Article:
Cannon Ball, N.D.
Authorities on Thursday cleared a protest camp where opponents of the Dakota Access oil pipeline had gathered for the better part of a year, searching tents and huts and arresting dozens of holdouts who had defied a government order to leave.
It took 3 ½ hours for about 220 officers and 18 National Guardsmen to methodically search the protesters' temporary homes. Authorities said they arrested 46 people, including a group of military veterans who had to be carried out and a man who climbed atop a building and stayed there for more than an hour before surrendering.
Native Americans who oppose the $3.8 billion pipeline established the Oceti Sakowin camp last April on federal land near the Standing Rock Indian Reservation. The Indians sought to draw attention to their concerns that the project will hurt the environment and sacred sites — claims Dallas-based pipeline developer Energy Transfer Partners disputes. The camp gained increased attention starting in August after its population had grown and authorities made their first arrests. At its height, the camp included thousands of people, but the numbers had dwindled during the winter and as the fight over the pipeline moved into the courts.
The Army Corps of Engineers said it needed to clear the camp ahead of spring flooding, and had ordered everyone to leave by 2 p.m. Wednesday. The agency said it was concerned about protesters' safety and about the environmental effects of tents, cars, garbage and other items in the camp being washed into nearby rivers.
Most protesters left peacefully Wednesday, when authorities closed the camp, but some stayed overnight in defiance of the government order.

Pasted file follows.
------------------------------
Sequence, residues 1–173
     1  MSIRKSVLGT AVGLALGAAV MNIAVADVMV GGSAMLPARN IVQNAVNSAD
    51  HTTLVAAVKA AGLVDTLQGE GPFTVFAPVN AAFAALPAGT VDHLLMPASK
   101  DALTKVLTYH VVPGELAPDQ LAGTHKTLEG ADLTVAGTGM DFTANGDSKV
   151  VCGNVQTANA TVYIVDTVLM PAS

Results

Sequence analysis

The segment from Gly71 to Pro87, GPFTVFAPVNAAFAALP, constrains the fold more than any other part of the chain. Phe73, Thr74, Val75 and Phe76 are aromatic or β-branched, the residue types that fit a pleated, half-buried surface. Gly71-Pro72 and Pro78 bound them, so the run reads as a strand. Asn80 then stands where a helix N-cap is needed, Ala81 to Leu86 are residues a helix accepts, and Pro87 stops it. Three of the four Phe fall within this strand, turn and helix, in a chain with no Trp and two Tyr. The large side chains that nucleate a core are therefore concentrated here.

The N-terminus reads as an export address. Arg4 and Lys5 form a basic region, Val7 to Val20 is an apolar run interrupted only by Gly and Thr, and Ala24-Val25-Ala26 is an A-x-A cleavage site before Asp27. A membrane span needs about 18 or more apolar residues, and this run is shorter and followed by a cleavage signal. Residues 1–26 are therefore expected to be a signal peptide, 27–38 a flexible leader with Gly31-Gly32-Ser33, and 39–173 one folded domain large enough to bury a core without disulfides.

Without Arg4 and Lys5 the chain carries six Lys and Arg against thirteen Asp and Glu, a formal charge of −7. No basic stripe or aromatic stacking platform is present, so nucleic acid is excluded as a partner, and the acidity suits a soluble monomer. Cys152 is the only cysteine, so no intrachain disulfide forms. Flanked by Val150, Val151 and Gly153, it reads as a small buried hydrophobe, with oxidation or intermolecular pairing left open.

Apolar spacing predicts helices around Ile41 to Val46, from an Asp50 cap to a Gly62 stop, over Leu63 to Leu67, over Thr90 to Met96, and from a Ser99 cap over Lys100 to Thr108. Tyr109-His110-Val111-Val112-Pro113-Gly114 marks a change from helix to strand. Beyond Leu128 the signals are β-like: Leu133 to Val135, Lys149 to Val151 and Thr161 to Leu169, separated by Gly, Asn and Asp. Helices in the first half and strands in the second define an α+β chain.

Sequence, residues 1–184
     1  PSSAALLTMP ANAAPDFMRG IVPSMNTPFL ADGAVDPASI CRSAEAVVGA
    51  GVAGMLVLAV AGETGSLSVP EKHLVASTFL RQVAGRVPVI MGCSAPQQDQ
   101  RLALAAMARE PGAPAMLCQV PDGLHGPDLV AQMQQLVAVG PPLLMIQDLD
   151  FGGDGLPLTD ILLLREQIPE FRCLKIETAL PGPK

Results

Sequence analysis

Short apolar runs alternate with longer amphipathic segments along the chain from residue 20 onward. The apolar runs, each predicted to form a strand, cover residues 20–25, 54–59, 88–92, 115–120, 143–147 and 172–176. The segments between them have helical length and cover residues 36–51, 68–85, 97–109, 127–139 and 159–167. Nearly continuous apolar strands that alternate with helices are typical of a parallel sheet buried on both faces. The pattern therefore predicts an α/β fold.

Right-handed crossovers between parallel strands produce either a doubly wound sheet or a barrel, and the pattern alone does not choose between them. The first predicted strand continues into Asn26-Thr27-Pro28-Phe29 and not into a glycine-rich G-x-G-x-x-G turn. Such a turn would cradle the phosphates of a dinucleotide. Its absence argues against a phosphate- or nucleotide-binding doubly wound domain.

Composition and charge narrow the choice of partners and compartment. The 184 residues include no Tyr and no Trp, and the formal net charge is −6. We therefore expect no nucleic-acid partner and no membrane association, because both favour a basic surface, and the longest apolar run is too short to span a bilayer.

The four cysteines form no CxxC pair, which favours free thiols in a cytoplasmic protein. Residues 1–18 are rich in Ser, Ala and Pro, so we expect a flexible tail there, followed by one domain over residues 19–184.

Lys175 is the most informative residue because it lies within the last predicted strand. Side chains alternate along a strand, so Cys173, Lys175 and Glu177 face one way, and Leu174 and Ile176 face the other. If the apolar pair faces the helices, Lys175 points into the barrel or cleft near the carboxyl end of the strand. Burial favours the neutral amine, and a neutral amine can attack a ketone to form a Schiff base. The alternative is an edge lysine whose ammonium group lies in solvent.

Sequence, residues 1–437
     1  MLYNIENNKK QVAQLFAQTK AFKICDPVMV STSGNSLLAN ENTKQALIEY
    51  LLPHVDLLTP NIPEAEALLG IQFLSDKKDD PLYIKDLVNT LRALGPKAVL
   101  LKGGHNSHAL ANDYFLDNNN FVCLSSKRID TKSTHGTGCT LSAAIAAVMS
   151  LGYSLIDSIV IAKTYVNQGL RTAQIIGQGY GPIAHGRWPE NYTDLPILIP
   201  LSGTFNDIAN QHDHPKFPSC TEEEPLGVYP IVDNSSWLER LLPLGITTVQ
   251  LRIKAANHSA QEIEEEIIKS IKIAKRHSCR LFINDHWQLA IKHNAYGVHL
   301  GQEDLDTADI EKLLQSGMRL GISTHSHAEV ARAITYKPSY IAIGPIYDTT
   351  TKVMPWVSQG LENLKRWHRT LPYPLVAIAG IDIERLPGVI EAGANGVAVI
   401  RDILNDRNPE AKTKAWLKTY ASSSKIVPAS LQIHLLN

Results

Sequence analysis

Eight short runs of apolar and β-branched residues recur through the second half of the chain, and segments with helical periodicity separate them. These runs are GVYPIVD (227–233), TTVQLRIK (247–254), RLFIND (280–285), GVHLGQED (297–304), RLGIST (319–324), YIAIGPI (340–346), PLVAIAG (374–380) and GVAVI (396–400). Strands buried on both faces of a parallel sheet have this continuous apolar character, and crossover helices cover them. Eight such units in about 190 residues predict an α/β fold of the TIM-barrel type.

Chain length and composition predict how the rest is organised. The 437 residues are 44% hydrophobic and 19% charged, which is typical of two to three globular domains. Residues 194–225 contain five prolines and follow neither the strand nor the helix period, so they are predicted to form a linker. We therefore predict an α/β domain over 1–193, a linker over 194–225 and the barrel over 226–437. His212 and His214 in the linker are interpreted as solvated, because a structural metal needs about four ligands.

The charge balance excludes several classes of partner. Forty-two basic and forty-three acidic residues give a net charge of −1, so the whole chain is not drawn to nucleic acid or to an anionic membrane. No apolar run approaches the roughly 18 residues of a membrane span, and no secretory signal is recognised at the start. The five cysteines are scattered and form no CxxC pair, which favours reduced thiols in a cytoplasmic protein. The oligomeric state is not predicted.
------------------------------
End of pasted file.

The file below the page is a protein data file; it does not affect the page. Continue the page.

Before the arrests, protester Ed Higgins 39, of Lowell, Mass., said by phone from the camp that morale was high and opponents were prepared to stay as long as necessary. Protesters maintain that the camp was on land that rightfully belongs to American Indians under old treaties.
"They do not own the land. They do not have the right to be here," said Higgins, who did not answer his phone after authorities cleared the camp.
As police in full riot gear worked to arrest the stragglers, cleanup crews began razing buildings on the square-mile piece of property at the confluence of the Cannonball and Missouri rivers.
American Indian activist Chase Iron Eyes, an outspoken supporter of the camp, said its shutdown isn't the end of the fight.
"The battleground has shifted to the legal courts and the court of public opinion," he said, referring to lawsuits filed by tribes and an effort planned by the Lakota People's Law Project to rally lawmakers and others in Washington, D.C., to their cause.
Authorities entered the camp "cautiously and tactfully" to ensure the safety of officers and protesters, according to Highway Patrol Lt. Tom Iverson. The arrests were a last resort, he said.
Our editors found this article on this site using Google and regenerated it for our readers.